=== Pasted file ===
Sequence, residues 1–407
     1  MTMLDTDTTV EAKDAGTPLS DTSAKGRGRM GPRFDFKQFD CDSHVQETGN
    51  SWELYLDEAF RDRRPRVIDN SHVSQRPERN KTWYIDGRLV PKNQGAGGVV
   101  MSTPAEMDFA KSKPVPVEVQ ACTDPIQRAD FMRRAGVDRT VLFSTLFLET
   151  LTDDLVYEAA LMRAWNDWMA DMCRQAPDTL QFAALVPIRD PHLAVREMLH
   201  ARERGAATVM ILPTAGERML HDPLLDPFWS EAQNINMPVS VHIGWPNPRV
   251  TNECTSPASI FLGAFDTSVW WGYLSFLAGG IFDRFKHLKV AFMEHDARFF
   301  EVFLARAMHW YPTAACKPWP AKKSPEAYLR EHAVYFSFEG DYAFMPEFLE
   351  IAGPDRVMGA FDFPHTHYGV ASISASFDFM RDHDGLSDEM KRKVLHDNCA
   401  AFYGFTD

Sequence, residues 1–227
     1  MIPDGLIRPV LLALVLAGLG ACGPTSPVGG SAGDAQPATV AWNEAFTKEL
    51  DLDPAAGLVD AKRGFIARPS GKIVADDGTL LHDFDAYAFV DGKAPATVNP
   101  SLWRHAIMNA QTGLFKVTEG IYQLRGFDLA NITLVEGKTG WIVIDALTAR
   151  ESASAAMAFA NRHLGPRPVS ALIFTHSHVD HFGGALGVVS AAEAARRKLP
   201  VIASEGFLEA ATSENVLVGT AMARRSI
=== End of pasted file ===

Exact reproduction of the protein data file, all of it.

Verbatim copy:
Sequence, residues 1–407
     1  MTMLDTDTTV EAKDAGTPLS DTSAKGRGRM GPRFDFKQFD CDSHVQETGN
    51  SWELYLDEAF RDRRPRVIDN SHVSQRPERN KTWYIDGRLV PKNQGAGGVV
   101  MSTPAEMDFA KSKPVPVEVQ ACTDPIQRAD FMRRAGVDRT VLFSTLFLET
   151  LTDDLVYEAA LMRAWNDWMA DMCRQAPDTL QFAALVPIRD PHLAVREMLH
   201  ARERGAATVM ILPTAGERML HDPLLDPFWS EAQNINMPVS VHIGWPNPRV
   251  TNECTSPASI FLGAFDTSVW WGYLSFLAGG IFDRFKHLKV AFMEHDARFF
   301  EVFLARAMHW YPTAACKPWP AKKSPEAYLR EHAVYFSFEG DYAFMPEFLE
   351  IAGPDRVMGA FDFPHTHYGV ASISASFDFM RDHDGLSDEM KRKVLHDNCA
   401  AFYGFTD

Sequence, residues 1–227
     1  MIPDGLIRPV LLALVLAGLG ACGPTSPVGG SAGDAQPATV AWNEAFTKEL
    51  DLDPAAGLVD AKRGFIARPS GKIVADDGTL LHDFDAYAFV DGKAPATVNP
   101  SLWRHAIMNA QTGLFKVTEG IYQLRGFDLA NITLVEGKTG WIVIDALTAR
   151  ESASAAMAFA NRHLGPRPVS ALIFTHSHVD HFGGALGVVS AAEAARRKLP
   201  VIASEGFLEA ATSENVLVGT AMARRSI